Alicia Morgans: That is quite a tour de force of prostate cancer. Thank you for considering all of those things and certainly sharing them. And then to just conclude, the group also made comments about testicular cancer. Speaking about age, this is one of our younger age group populations typically, and usually, they are being treated or monitored with the intent for cure or in the belief that they've already been cured for patients who are following surveillance. So can you share your thoughts on testicular cancer?

Toni Choueiri: Yeah, I think with testicular cancer here, I think the most important thing to know with metastatic testicular cancer and that's probably out of our eight-page document, that's probably one-third of the pages. Because therapy for curative intent with metastatic testicular cancer should not be delayed and growth factors should be given. So here you can cure people. This is the chemotherapy, this platinum-based chemotherapy that cures people even with brain metastases from testicular cancer. So we're not going to play around here. Therapy needs to be on time, needs to be with a growth factor. However, with clinical stage one seminoma or non-seminoma after orchiectomy, we know that surveillance in both seminoma and non-seminoma is an option. So we're going to push that over adjuvant therapy and regardless, really of risk group.

For a patient that, we're talking more about stage two or three and metastatic germ cell tumor. The question is, should we give bleomycin a yes or no? We could give bleomycin, but we feel that it should be excluded to the degree possible. A patient should be given four cycles of BEP or four cycles of VIP. So rather than four cycles of BEP, four cycles of VIP, rather than three cycles of BEP four cycles of BEP, because of bleomycin potential lung toxicity. And if that's the case and the patient loses lung reserve and they have COVID-19 in addition, and they go to the hospital, all that we believe having bleomycin on board is not the best thing. So we're trying to avoid bleomycin knowing that the vast majority of testicular cancer patients tolerate bleomycin result in a lung problem. But in this situation, it may be really reasonable to avoid it.

Alicia Morgans: Well, I think these are all very sound recommendations, and I appreciate so much your willingness to share them with everyone, both in this audio podcast, but also as a document for individuals to review. Just briefly as we wrap up, do you see this document potentially evolving somewhat over time, or maybe having parts of this really applied during intense periods of COVID outbreak in areas whereas other things may be less important if COVID is present, but maybe just smoldering in the community rather than being so intense? Is this something that you anticipate may change over time?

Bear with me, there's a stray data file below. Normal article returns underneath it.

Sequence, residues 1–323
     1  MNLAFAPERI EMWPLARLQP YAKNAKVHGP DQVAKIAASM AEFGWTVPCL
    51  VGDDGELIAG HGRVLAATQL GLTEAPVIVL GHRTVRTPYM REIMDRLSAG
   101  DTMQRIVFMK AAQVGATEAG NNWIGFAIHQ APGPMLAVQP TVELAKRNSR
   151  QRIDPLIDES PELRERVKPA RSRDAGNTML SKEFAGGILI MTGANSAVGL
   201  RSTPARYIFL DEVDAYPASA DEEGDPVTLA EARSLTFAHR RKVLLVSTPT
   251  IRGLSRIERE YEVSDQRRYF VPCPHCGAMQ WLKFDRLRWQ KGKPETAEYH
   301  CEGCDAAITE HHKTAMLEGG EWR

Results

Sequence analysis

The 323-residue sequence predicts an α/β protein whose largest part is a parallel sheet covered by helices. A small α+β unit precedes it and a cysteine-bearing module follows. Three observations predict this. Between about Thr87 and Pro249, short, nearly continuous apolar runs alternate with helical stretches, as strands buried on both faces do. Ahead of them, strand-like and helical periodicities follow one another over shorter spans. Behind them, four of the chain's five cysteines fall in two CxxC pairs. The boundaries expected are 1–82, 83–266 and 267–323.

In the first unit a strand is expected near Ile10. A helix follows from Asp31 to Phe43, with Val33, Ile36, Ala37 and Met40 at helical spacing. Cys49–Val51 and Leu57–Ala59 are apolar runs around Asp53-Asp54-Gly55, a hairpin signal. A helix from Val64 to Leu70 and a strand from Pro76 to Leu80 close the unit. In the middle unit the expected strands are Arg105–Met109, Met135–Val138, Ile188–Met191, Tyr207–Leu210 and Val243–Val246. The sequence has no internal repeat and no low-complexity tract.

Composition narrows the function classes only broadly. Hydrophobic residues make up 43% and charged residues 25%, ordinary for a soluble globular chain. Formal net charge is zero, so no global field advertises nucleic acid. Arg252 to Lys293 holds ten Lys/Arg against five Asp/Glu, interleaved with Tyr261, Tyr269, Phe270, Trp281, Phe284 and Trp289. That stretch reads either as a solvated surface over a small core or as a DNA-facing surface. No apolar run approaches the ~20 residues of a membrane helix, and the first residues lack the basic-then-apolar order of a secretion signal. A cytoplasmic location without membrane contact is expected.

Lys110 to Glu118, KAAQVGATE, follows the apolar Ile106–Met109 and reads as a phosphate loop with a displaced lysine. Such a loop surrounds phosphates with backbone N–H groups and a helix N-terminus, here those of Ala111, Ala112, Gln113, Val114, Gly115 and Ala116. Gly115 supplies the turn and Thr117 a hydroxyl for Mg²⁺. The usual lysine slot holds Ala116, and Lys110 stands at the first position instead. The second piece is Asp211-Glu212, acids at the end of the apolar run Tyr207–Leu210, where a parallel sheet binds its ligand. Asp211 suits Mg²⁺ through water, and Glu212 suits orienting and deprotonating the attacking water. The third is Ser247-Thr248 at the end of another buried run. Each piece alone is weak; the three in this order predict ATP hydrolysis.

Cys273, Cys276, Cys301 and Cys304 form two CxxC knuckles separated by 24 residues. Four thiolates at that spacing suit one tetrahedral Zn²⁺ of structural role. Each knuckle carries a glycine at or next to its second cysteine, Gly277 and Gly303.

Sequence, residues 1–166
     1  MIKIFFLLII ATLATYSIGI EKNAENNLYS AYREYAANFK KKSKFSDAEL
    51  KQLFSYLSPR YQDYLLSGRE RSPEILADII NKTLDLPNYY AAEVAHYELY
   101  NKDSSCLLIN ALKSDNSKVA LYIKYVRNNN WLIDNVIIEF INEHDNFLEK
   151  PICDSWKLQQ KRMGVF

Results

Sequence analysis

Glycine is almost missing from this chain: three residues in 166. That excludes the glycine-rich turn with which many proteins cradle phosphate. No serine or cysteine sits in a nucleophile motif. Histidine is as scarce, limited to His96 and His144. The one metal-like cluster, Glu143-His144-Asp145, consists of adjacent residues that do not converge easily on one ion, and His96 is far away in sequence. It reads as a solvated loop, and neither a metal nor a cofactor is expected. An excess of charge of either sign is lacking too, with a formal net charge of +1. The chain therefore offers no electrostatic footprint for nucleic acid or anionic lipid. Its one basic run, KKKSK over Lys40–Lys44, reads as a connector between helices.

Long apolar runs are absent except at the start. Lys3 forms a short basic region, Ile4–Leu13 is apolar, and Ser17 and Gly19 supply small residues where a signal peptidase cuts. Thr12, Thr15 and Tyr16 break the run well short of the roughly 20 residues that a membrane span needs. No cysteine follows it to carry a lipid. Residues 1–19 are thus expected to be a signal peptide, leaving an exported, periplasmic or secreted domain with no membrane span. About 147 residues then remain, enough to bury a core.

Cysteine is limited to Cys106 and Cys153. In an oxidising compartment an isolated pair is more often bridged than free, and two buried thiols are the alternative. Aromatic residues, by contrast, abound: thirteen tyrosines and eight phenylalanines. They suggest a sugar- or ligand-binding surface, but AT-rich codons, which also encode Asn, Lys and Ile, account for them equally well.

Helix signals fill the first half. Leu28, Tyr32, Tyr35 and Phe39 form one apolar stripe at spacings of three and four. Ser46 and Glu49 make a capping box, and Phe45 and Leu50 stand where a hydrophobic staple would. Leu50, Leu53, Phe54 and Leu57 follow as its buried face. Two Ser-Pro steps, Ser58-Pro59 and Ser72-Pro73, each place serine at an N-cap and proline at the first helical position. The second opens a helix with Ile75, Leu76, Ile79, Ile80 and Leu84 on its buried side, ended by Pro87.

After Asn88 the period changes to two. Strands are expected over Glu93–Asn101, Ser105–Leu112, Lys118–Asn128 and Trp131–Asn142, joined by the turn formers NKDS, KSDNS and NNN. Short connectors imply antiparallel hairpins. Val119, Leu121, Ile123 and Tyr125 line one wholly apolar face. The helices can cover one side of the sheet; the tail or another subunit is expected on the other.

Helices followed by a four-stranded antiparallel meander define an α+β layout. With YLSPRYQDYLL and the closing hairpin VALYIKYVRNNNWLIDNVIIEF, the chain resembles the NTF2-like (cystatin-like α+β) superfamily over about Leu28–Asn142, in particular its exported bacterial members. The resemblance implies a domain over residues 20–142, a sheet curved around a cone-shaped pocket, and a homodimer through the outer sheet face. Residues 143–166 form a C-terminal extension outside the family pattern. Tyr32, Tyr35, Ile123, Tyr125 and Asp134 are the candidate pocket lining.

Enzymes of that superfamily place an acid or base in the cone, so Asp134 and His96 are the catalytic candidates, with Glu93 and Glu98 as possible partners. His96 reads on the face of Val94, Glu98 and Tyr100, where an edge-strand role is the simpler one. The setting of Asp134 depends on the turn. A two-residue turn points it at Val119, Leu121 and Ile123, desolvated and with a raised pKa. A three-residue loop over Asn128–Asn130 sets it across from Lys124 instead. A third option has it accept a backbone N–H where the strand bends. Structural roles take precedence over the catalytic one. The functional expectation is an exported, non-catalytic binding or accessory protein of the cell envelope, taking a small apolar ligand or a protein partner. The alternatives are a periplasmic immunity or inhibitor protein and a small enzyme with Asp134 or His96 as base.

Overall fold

Toni Choueiri: Yeah, I do think, it's almost like a living document because hopefully at some point, this nightmare will end and we're going to redeploy and hopefully we're going to redeploy in phases, not just deploy suddenly life like normal because it's not going to be normal for a time. Then we're going to go back to what we did previously and hopefully, we'll update the document little by little and there'll be versions before reverting back to what we did before COVID-19, let's say in September 2019. That's one. Second, we cannot exclude the fact that we may have another surge or another pandemic or we don't know if this is going to be like the flu where it's going to come every year with or without a vaccine. And what if there are clusters in places even if these places are sealed and they're contained, but still they involve a lot of patients with cancer. So perhaps this, we can revert back to that document at that time. So the answer is yes, every day we're changing things.

Alicia Morgans: Well, we look forward to referring to this document, considering it in our own practices, I'm sure. We also look forward to the updates that will come over time. Thank you so much for all of the efforts you and the team put forth to construct this document. And thank you also for sharing it with everyone so that we can have some understanding of suggested best practices. Thank you for your time today as well.

Toni Choueiri: Thank you very much. And thank you UroToday and Dr. Morgans and all your staff are always updating the GU community on the latest and having such a dynamic platform.

Alicia Morgans: Thank you.

Toni Choueiri: Thank you. Have a great day.